New construction must be accessible with few exceptions

The 2010 ADA Standards for Accessible Design specify that any facility or part of a facility that is intended for public use must be accessible if construction began after January 26, 1992. The only exceptions are in cases in which it can be demonstrated that full compliance would be "structurally impracticable." In those cases, builders must still accommodate persons with disabilities to the greatest degree possible.

Elevators are not required in facilities that are less than three stories or have less than 3,000 square feet per story, except in the case of shopping centers, professional offices of a health care provider, or transportation depots. Those facilities must provide accessible routes from an accessible entrance.

In the case of dual-use facilities that have both commercial and residential uses, the requirements apply only to the commercial portion of the facility.

Alterations have slightly different standards

The same rules apply to alterations but are somewhat more complex. The ADA defines alterations as including but not limited to "remodeling, renovation, rehabilitation, reconstruction, historic restoration, changes or rearrangement in structural parts or elements, and changes or rearrangement in the plan configuration of walls and full-height partitions."

In the case of historic properties, the ADA says people with disabilities should be accommodated to the maximum extent feasible subject to "path of travel" requirements. The path of travel refers to the route a person must take to reach the "primary function" of the facility, such as seating in a theater, as well as restrooms, telephones, and drinking fountains. It applies to walks, sidewalks, curb and other interior or exterior pedestrian ramps; floor paths through lobbies, corridors, rooms, parking access aisles and elevators/lifts.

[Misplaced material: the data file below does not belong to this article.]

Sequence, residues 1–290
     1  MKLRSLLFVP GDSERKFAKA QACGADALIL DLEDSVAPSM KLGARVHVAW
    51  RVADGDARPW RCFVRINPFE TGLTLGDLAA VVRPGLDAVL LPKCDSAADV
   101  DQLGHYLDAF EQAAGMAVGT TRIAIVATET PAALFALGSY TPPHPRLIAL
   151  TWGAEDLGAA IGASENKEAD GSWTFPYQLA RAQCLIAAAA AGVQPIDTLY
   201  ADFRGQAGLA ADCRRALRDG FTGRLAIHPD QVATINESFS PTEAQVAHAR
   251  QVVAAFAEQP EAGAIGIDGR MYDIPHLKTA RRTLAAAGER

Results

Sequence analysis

Exemptions apply if the cost of alterations necessary to make the path of travel total more than 20% of the total alteration cost. In those cases, builders and remodelers may be exempt from ADA rules if they make the path of travel "accessible to the extent that it can be made accessible without incurring disproportionate costs." Facilities that are designated as historic under state or local laws must comply "to the maximum extent feasible."

Where are the rules for places of lodging?

Different standards apply to transient lodging facilities depending upon the number of rooms. For example, there are specific requirements for the number of rooms with mobility features, with and without roll-in showers. Group homes, halfway houses, shelters, or similar social service center establishments must comply with the 2010 standards applicable to residential facilities, which include the requirement to provide lifts and accessible parking doorways and mailboxes, among other things.

Certain facilities used for transient lodging, including time shares, dormitories, and town homes may also be covered by the Fair Housing Act, which requires that certain residential structures having four or more multi-family dwelling units adhere to accessible and adaptable design. Property owners and builders should consult related documentation for further information.

What are the guidelines for arenas and stadiums?

Assembly areas need to provide permanent wheelchair spaces and companion seats on all levels. In the case of stadium-sound movie theaters, wheelchair spaces and companion seats must be located within the rear 60% of the seats and with certain required viewing angles.

Helpful resources for new construction and alterations accessibility